Have you ever really stopped to think about who you are–or should be–connected to on LinkedIn and why? The power of your LinkedIn network is not just about how many connections you have. The power is more about who is in your network–both individually and collectively.

How your LinkedIn network affects social media efforts

There are three key benefits your network can provide you: access, visibility, and credibility.

Access

As you may have noticed, LinkedIn does not allow everyone to find and potentially communicate with all 400+ million members, which is probably a good thing. Instead, it provides access based on your current connections and their connections. (Access is also affected by the type of LinkedIn account you have; basically, the higher the subscription fee, the broader the access, but it all starts with your direct connections.)

In one form or another you can see and reach out to your direct connections, your direct connections’ direct connections, and their direct connections. Your access to LinkedIn members grows rapidly, as does your visibility to those members.

Visibility is exposure

Just as more connections means access to more members, it also means more people will potentially see you and your LinkedIn activity. Each time you post a status update or group discussion, or you like, share, or comment on someone else’s update, article, or discussion, your activity potentially shows up in the news feed of your entire network—all of your 1st, 2nd, and 3rd degree connections.

The three degrees of connections also works in reverse. Anyone that you can see can also see you. This means you will show up in more searches of people who are trying to find someone with your experience and skill set.

Adding 1st degree connections rapidly expands your overall network and the number of people who can see you and your activity. Your network grows exponentially.

Credibility

“You are known by the company you keep” has been said, in one way or another, by so many people–including your parents–that the exact origin doesn’t show up on a Google search. Regardless of where it started, its meaning survives on LinkedIn, where your buzzword alert or “personal brand” can be highly influenced by who you are connected to.

Although you can choose to keep your connections invisible to others, doing so will rob you of a chance to associate yourself with the right people.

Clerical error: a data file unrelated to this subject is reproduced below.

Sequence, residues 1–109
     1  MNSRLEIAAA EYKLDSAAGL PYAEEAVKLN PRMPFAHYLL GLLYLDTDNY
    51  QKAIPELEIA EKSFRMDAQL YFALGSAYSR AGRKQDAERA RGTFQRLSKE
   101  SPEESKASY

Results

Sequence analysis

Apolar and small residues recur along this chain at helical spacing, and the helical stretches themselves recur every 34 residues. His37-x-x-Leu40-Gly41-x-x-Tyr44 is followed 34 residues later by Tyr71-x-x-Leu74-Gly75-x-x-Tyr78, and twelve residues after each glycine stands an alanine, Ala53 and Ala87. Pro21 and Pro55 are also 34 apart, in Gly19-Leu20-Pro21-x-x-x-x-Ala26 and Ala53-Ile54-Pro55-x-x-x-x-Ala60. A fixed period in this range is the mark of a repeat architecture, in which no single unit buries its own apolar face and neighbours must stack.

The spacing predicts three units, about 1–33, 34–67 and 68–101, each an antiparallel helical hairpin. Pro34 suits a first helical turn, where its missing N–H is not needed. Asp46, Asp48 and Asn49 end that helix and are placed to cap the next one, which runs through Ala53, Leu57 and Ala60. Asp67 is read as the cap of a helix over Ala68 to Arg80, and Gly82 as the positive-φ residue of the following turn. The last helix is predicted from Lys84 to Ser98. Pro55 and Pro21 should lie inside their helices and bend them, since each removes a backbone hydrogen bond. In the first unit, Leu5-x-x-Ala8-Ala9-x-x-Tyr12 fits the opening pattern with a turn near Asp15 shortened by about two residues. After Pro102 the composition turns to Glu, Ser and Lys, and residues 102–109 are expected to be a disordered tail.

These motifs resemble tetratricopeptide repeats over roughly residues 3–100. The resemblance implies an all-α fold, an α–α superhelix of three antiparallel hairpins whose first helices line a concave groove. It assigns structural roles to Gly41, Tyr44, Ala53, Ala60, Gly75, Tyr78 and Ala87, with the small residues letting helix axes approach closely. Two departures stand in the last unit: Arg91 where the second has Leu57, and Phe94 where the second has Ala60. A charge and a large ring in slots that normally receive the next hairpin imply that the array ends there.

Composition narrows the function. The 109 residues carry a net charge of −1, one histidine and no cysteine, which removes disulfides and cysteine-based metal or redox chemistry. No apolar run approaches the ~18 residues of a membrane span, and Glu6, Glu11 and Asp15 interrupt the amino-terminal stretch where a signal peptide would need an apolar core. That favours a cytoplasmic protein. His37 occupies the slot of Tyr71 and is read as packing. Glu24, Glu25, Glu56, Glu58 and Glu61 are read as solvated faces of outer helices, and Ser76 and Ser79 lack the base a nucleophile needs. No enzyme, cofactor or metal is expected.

Open, closed, or strategic

In the first days of LinkedIn, networks were a way to connect online with people you already knew personally, and knew fairly well. Every now and then I run across someone who still considers it important that he or she can pick up the phone and reach any and all of their connections. Today, from a sales, marketing, or business development perspective, I fail to see the value of a closed network strategy. Just like a real-world networking event, LinkedIn is a place to meet new people.

One the other end of the network spectrum are open connectors–known on LinkedIn as LIONs–who will connect with anyone who finds their profile and clicks on the Connect button. The thinking behind this networking philosophy is “you never know who may know someone you want to know.” That may be true, but simply being connected to someone who is connected to someone you’d like to meet isn’t going to land that person in your lap. You have to keep your connections warm or they’ll forget about you, and how do you do that with 7000 connections most of whom are completely irrelevant to you?

Somewhere in the middle of a closed network and an open one is what we call a strategic network, one that encompasses a growing range of relevant connections. Depending on your LinkedIn objectives, your strategic network might be comprised of prospects, customers, influencers, analysts, media, investors, and others who can help or be helped by you.

Being connected to market influencers and known 3rd party experts will make me feel that you are one of them. Being connected to other people like me will make me comfortable that you have good taste. Being connected to every Tom, Dick, and Mary who sends you a connection request will confuse me.

How many connections should you have?

This is one of those questions that gets answered with the ever popular “it depends.” The size of your market, the number of accounts you handle, what you’re trying to accomplish all affect the number of people you may want in your network.

At the end of 2014, the average LinkedIn member has 930 connections. (source: LinkedIn) By March of 2016, 55% of users had more than 500 connections. But there are definite differences among industries, functions, and seniority levels.

Regardless of whether you chose to keep your network fairly tight or you get a kick out of big numbers, the important thing is that you give it some thought and approach it strategically.

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